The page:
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dc.contributor.authorBurns, Dereken
dc.date.accessioned2018-07-17T20:29:54Zen
dc.date.available2018-07-17T20:29:54Zen
dc.date.issued2018en
dc.identifier.urihttp://hdl.handle.net/10919/84103en
dc.description.abstractStress is a concept that can be studied using a variety of theoretical approaches, with a focus on the individual’s perceptions, the external stressor, or the physiological reactions of stress responding. However these approaches are often used independently, when they can be used complementarily to understand the nuanced relationship between the individual and the situation when appraising stressors as challenges or threats. The current study examined the relationship between individual differences in perceptions, situational strength (both as a categorical and a continuous predictor), and physiological reactions in a leadership task. Situational strength and leadership self-efficacy were found to interact, such that those high is LSE reported more appraisals of challenge as situational strength increased.en
dc.format.mediumETDen
dc.language.isoen_USen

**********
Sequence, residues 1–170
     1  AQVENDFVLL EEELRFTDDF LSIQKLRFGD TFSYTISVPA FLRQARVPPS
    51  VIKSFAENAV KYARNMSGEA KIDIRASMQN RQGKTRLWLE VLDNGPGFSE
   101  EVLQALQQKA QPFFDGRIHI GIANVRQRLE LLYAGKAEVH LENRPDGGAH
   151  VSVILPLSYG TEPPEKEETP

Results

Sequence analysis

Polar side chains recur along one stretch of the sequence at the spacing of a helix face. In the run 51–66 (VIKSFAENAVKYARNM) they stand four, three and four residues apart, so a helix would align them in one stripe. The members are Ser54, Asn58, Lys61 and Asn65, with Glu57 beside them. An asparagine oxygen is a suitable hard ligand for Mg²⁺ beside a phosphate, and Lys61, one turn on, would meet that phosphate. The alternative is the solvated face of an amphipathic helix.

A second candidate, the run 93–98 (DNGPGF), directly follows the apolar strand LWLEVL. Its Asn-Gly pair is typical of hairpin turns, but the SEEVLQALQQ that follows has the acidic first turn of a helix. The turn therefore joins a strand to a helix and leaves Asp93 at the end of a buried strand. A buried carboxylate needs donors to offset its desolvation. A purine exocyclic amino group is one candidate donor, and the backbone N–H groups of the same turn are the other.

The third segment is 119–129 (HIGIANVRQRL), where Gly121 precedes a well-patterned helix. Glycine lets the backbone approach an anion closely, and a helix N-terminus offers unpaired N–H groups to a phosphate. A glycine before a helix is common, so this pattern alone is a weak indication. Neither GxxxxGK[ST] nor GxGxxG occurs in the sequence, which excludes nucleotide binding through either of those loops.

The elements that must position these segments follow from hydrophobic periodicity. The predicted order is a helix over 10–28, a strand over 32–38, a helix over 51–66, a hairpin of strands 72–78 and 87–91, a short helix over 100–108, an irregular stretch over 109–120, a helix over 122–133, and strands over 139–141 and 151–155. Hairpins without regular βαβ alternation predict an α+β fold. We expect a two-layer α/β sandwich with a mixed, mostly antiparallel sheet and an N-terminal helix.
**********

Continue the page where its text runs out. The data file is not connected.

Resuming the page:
dc.publisherVirginia Techen
dc.rightsCreative Commons Attribution-NonCommercial 4.0 Internationalen
dc.rights.urihttp://creativecommons.org/licenses/by-nc/4.0/en
dc.subjectLeadershipen
dc.subjectstressen
dc.subjectphysiological reactivityen
dc.subjectsituational strengthen
dc.titleLeader Development or Leader Distress? Examining the Interactive Effects of Leadership Self-Efficacy and Situational Strength on Perceptions of Stress, Performance, and Physiological Responsesen
dc.typeThesisen
dc.contributor.departmentPsychologyen
dc.description.degreeMaster of Scienceen
thesis.degree.nameMaster of Scienceen
thesis.degree.levelmastersen
thesis.degree.grantorVirginia Polytechnic Institute and State Universityen
thesis.degree.disciplineIndustrial/Organizational Psychologyen
dc.contributor.committeechairFoti, Roseanne J.en
dc.contributor.committeememberHauenstein, Neil M. A.en
dc.contributor.committeememberFriedman, Bruce H.en
dc.description.abstractgeneralStress is a widely known concept that has been studied in various ways (individual perceptions, situational characteristics, physiology, etc.). However these approaches are often used independently, when they can be used together to more fully understand the process of how individuals appraise stressors. The current study examined the relationship between the previously mentioned approaches within a leadership task. Situational strength and leadership self-efficacy (LSE), or one’s perceived capabilities to perform leadership duties, were found to interact, such that those high is LSE reported more appraisals of challenge as situational strength increased.en


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Creative Commons Attribution-NonCommercial 4.0 International
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